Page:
Protests in Cambodia

9 05 2012

I have to admit it: I was wrong. A few months ago, I wrote a post, in which I speculated that the likelihood of Cambodians to actively protest would be low. I said:

“Cambodian society is still haunted by a strong sense of fear and obedience left over from the Pol Pot regime. Having no history of public uprising and a horrifying political genocide in its recent past, Cambodians might be left feeling paralyzed.”

However, as of late, land and labor protests have been at the center of national (and international) news. Unfortunately, many of these protests have ended in violence. In February, for example, thousands of garment workers had gathered to demand better pay and working conditions when the governor fired into a crowd, wounding three women.

Then, last month, a prominent environmental activist, Chut Wutty, was shot and killed by a government official while attempting to expose the dangers of the widespread illegal logging industry.

The late environmental activist, Chut Wutty

The most recent demonstration has been land grab protest  in Phnom Penh. One day last week, a group of women made a radical statement by stripping down to just their underwear in front of the National Assembly. Then, the following day, five women were injured by riot police.

So it appears the spirit of protest does exist in Cambodia, despite the risks. In an age when one lone fruit seller or a single tweet can change the political landscape of an entire region, it’s hard to know if these protests will be the catalyst for any bigger movements. Either way, I think the protests– and the subsequent responses– provide an interesting look into current Cambodia. It certainly is a country ripe for change.


Home Again, Home Again, Jiggety Jig

2 05 2012

Our Vietnam vacation ended more than a week ago so I guess it’s time to focus once again on life here in Cambodia.

While we were gone, Cambodians celebrated Khmer New Year, officially a three day event that, in reality, often hemorrhages into several weeks. In order to celebrate, most Cambodians return to their “homeland,” which is how they refer to the place where their parents or relatives live. Once the family is all together, people celebrate in different ways. While young single people head to the pagodas to play games and (hopefully) meet their potential mates, married men spend the afternoons immobile in their hammocks. The women are generally busy preparing special meals for the occasion or cleaning their house for the spirits. Families also bring food to offer the monks, as is the custom for most holidays.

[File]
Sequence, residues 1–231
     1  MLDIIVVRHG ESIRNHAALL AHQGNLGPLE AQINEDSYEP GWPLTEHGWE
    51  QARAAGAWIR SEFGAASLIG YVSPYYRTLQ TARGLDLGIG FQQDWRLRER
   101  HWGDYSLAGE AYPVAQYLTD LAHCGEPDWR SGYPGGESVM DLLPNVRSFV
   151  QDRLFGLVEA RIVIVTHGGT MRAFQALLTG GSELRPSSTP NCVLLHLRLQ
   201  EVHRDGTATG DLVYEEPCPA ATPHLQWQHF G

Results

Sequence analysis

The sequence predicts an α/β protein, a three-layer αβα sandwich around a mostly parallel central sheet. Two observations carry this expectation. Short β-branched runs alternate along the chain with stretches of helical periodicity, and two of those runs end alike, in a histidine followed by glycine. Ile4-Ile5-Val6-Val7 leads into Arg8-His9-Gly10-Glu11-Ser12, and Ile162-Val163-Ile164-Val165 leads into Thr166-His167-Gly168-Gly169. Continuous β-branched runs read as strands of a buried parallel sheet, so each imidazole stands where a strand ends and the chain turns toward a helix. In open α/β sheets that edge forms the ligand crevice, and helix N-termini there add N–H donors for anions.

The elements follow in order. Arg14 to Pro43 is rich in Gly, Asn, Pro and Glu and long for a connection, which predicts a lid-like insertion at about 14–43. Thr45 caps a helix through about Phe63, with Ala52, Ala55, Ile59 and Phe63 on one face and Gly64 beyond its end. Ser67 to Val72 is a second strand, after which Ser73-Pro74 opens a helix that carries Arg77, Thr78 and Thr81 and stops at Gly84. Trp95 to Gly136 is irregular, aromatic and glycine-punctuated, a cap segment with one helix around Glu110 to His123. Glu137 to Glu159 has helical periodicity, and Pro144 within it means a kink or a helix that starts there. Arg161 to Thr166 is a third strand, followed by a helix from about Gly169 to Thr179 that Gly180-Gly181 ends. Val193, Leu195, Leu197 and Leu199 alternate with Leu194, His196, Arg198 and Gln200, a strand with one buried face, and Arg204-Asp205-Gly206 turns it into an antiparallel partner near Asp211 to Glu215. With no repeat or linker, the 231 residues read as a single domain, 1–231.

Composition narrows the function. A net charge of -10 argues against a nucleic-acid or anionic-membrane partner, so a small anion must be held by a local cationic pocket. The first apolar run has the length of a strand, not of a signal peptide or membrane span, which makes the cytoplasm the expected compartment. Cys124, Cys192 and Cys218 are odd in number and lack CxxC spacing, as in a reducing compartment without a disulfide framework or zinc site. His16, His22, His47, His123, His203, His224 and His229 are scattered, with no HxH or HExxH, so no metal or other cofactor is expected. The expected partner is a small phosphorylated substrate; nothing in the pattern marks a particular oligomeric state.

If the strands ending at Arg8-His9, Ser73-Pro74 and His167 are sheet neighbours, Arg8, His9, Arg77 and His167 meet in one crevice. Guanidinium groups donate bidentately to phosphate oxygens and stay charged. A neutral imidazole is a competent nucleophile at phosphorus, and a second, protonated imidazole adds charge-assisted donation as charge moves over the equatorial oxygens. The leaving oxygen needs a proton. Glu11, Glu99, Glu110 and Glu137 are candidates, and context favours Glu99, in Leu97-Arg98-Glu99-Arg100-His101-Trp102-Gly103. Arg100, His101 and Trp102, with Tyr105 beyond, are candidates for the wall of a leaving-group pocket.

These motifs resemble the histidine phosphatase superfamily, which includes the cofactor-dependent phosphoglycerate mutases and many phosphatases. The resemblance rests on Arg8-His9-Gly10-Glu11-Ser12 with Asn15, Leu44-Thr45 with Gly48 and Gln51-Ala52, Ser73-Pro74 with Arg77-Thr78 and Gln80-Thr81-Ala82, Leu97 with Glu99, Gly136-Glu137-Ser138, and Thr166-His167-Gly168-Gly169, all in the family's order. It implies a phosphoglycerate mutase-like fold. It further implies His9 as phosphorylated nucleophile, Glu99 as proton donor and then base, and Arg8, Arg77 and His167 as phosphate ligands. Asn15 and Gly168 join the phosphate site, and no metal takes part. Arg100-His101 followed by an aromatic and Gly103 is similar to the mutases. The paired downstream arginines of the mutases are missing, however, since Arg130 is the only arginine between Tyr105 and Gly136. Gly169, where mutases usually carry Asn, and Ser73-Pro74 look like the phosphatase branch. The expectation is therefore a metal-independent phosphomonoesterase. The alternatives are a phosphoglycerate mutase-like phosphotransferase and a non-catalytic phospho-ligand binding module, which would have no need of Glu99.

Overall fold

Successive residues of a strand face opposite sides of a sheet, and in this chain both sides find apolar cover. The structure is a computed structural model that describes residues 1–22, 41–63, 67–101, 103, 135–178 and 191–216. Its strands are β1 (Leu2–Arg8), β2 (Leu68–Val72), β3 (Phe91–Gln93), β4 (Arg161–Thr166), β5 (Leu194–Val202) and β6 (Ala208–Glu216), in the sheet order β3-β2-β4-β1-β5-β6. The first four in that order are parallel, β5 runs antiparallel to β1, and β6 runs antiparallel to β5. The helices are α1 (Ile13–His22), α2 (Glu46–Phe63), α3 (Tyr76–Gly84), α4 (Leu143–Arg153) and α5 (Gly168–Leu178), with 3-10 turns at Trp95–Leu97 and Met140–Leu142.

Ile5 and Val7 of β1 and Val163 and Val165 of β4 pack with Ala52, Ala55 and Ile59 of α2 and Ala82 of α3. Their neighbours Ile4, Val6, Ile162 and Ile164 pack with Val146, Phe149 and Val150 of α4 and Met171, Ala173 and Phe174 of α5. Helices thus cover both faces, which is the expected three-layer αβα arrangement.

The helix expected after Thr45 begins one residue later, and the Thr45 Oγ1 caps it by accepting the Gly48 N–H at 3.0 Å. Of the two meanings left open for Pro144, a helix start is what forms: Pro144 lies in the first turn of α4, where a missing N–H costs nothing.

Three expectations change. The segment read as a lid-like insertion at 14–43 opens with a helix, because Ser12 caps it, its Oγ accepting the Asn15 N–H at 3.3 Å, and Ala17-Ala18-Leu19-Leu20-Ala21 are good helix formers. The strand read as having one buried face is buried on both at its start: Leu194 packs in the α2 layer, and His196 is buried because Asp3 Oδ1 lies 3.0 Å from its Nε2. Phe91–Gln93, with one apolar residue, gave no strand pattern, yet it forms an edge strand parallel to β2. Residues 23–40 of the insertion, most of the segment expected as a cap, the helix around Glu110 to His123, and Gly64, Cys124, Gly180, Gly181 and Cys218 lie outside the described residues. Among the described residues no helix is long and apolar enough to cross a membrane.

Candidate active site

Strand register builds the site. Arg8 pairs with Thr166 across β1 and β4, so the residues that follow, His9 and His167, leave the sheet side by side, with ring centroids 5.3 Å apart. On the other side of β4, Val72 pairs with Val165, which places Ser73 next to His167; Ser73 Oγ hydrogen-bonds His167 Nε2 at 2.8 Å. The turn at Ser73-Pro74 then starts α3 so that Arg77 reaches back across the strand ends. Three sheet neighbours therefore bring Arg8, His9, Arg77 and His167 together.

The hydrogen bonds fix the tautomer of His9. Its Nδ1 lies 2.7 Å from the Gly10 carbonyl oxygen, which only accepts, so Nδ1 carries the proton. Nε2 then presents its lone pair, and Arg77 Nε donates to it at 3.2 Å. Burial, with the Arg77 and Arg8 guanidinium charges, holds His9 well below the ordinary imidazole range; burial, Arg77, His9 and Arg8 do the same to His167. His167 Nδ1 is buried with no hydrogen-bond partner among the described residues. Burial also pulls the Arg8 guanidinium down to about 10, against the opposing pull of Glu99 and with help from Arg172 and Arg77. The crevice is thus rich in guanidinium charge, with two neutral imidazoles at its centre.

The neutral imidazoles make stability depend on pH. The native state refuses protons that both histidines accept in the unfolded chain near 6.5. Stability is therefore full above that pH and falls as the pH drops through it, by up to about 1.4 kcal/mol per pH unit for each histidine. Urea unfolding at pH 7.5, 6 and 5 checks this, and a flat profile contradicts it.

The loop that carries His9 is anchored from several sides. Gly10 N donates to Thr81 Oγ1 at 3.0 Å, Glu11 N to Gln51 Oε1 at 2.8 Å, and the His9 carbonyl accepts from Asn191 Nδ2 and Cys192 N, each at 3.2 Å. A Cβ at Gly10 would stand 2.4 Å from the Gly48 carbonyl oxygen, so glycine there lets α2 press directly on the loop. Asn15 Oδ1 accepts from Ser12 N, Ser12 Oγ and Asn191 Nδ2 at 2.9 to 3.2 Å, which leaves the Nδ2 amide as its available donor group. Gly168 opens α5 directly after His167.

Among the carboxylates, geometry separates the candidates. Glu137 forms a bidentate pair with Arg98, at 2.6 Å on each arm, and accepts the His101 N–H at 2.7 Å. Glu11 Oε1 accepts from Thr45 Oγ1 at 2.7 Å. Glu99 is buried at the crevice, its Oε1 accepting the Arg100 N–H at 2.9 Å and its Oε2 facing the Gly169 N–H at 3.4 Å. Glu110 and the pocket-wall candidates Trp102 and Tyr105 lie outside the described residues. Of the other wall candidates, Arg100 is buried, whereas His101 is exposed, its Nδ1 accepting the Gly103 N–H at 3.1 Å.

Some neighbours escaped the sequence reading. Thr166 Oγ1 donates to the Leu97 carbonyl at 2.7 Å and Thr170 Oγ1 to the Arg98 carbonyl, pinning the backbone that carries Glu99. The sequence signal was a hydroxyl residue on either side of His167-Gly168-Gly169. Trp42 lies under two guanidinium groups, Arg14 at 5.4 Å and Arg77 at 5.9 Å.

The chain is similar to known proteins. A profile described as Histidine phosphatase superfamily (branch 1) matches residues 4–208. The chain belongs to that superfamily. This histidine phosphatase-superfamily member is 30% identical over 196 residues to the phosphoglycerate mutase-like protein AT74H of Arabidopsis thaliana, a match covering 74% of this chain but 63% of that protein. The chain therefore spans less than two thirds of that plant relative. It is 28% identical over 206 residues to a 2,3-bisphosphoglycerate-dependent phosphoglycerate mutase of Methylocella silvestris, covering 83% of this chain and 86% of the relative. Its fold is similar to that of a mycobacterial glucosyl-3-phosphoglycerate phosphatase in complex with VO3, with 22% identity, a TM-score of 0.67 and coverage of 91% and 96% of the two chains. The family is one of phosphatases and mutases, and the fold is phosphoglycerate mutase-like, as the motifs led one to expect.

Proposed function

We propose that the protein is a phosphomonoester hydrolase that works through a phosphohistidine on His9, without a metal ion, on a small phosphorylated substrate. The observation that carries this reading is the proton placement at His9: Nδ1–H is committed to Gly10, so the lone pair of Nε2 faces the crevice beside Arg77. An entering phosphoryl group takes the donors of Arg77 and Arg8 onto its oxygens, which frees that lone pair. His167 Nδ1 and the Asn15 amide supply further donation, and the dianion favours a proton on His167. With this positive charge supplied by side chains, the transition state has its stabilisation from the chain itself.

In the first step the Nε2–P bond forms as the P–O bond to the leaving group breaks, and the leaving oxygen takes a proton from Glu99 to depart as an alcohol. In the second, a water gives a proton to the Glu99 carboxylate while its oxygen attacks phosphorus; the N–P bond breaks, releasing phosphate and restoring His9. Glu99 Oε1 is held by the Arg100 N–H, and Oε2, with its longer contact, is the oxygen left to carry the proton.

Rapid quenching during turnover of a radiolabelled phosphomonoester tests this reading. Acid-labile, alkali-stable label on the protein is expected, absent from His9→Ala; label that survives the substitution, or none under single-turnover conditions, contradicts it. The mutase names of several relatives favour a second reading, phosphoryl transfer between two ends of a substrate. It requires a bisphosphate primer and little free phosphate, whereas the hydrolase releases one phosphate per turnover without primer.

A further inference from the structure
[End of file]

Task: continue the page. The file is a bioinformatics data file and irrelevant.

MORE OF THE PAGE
People at site told us that this Khmer New Year was especially hot. The director of the health center said his Khmer New Year was “bad, very, very bad” because of the heat. It sounds like many people were without water too, so they couldn’t even cool down with a quick shower. The temperatures here have been steadily hovering around 100 degrees, with the heat index getting even higher. The heat and humidity can make even the most hardworking person feel lazy. And, apparently, for some it can even suck the joy out of a popular holiday season.

Anyway, Khmer New Year is special not only because it is the beginning of a new year—this year is the year of the dragon—but also because Cambodians turn a year older during this time. Birthdays are not widely celebrated here so during Khmer New Year, everyone adds a year to their age.

Most of the festivities were over by the time we arrived back at site but regular activities weren’t quite in full swing yet. So last week we were a bit more relaxed, getting back into the routine and readjusting to the heat. This week has been back to normal, full of meetings with NGOs, English classes, proposal reviews, and paperwork for upcoming projects. And it’s been hard to complain about missing Vietnamese food since this week’s treats have included fresh fruit leather, frog legs and homemade milkshakes (but not at the same time).

I think we both agree that it’s good to be back… but we won’t be here for too long. I’ll be away three weekends this month for training, and Tim will be joining me for two of those. And it might be difficult to gain any real momentum with projects because May has six—count ‘em, six!— holidays. It is, however, a great month to reconnect with the people we missed while in Vietnam and to plan for summer projects. As always, we’ll keep you updated.